Vested Blog

Helping employees maximize their equity value.

2019 Retrospective

04 December 2019

It’s been a busy few months at Vested - we’ve continued to grow our team (currently five strong) and add companies to the platform that employees have requested.

We’ve also worked with some of the major (and minor) players in the ecosystem who provide both loans to employees for exercising and buyers for pre-IPO shares. We’re incorporating some helpful user feedback and scaling our backend to cover even more companies. We have a lot to do, but do feel that we are starting to make an impact for employees.

Despite surveying different stakeholders (employees, founders, investors) before launching, we didn’t really know how Vested would be received. Since launch we’ve learned:

Employers either love us or hate us

We expected employees would appreciate a third party perspective, and we anticipated some companies wouldn’t love “an outsider” assessing their value, but we didn’t predict the more binary outcome we’ve observed in our small but growing sample size.

Some companies love us. These companies tend to be transparent with employees on all things equity, have market above market equity awards, and are focused on attracting and keeping top talent. Our third party objectivity validates their claims and helps answer questions that their HR/Finance/Legal teams can’t - they need to keep employees at “arm’s length” when it comes to providing exercise and financial advice. These companies want Vested as part of their recruiting and retention process.

Some companies hate us. We’ve heard directly from company founders and company general counsels - “take our companies off Vested”. Rationale has included - you’re sharing confidential private company data (we’re not), you can’t target employees at private companies (we can), and your data is wrong (we hope not). Of all the concerns, the third is the most concerning to us - we clearly want to have the most accurate valuation and share price numbers. And we work exceptionally hard to determine those numbers.

We start with a 409A valuation and waterfall analysis of the company. How do we get this? We build our own with the best in the business based on public data sets. As most folks know - 409A valuations, whether performed by a company or an outsider, all have questionable accuracy - or as Bill Gurley says “quite precise — remarkably inaccurate.” ( NY Times ).

We then reconcile last fundraising information, industry averages, and public filings to generate current and potential future value. Aside from that, if available, we fold in real time pricing demand from the market.

We may not always match exactly with the numbers that a company internally determines - but we’re close. Certainly close enough for a third party perspective that should help guide an employee / arm them with some data to have follow up conversations.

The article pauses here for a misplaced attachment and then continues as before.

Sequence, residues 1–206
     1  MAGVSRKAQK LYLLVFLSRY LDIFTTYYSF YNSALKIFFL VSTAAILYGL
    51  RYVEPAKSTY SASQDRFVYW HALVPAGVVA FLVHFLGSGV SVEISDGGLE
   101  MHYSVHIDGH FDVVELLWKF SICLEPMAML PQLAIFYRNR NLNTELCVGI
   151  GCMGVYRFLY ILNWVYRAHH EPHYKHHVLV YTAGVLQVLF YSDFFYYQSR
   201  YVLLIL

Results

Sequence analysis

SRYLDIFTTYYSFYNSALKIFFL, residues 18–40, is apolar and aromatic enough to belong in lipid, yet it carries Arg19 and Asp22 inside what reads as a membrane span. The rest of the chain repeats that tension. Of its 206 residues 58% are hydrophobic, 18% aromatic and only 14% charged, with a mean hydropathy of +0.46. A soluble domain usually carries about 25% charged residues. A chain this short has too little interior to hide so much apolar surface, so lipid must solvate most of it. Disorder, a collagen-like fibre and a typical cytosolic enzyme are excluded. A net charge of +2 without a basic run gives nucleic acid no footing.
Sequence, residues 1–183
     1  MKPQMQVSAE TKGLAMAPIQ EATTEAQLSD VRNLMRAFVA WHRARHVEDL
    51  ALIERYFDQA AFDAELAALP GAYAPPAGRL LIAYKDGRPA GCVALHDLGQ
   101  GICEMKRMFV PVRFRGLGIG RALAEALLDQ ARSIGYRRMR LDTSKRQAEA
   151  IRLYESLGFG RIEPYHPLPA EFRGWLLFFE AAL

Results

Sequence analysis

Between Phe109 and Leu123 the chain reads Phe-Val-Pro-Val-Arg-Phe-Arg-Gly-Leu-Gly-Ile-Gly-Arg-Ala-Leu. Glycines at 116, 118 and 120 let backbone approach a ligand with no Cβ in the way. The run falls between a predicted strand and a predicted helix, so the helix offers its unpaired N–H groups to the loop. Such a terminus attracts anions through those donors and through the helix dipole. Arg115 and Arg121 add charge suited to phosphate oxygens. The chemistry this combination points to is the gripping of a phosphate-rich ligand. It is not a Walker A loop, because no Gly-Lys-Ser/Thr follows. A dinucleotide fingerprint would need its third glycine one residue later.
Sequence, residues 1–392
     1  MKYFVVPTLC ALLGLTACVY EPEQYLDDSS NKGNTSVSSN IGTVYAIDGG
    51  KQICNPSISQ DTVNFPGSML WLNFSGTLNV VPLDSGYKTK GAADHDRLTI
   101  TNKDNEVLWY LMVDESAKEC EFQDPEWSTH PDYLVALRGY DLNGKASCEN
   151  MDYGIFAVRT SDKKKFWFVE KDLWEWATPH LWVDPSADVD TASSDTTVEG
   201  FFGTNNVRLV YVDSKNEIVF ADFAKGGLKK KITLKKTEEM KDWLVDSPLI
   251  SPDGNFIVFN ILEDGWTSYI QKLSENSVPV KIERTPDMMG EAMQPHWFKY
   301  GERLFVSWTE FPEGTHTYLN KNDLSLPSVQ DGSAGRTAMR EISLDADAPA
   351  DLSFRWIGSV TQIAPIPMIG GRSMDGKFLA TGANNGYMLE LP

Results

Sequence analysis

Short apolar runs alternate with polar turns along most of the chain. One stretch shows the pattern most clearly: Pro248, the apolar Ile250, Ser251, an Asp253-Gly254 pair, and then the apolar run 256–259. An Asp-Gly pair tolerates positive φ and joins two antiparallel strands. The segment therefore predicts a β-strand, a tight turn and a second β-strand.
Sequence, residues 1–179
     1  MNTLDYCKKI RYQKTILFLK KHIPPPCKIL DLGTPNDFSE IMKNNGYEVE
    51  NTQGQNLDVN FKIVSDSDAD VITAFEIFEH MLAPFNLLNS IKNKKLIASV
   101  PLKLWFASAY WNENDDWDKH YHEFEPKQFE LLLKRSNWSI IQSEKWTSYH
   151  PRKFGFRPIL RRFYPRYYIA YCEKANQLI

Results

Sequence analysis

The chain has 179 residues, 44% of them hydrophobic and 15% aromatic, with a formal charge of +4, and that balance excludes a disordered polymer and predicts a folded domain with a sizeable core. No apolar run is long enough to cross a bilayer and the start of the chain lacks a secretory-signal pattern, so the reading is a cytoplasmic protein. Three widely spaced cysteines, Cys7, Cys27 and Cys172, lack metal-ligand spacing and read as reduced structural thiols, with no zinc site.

Fears of Transparency

Some founders (of both companies we cover as well as founders we surveyed) brought up another concern - that the transparency we’re providing prompts more questions / confusion internally and makes it harder to stay focused on building product / growing a company.

In the words of an American philosopher, Jocko Willink, “ Good ”. We applaud founders and companies that are transparent with employees, but if Vested is prompting more conversations with employees about their equity, frankly we think that’s a good thing. Companies rely on employees for their success and when the structure of equity compensation doesn’t change but underlying timelines for IPO/traditional liquidity do - there do need to be hard discussions between employers and employees. Decisions on equity can no longer be punted to a point where an employee might have a better read on company success or failure because employee tenure now rarely overlaps with IPO.

We don’t believe that every employee at every startup will become a millionaire. We also don’t want to facilitate short term trading of private company stock. We do believe that building a successful company is a team sport - and all members should have a basic understanding, and support, in determining how to make informed decisions when it comes to such an important topic. Aligned incentives and informed positions are hallmarks of engagement and required for ensuring employees have a long term, vested stake in the successful outcome of a company.

Equity is perhaps the highest potential value benefit for employees yet professional support is minimal

When if comes down to it, we’re not providing any more information than some employees already have access to because they know what to ask and where to look - both internally and externally. We’re democratizing who has access to shares outstanding, common stock value today/tomorrow, and where to look if they want to take out a loan or, if permitted, sell shares pre-IPO. We make good faith estimates, layer in our recommendation, and facilitate connections in a previously opaque ecosystem.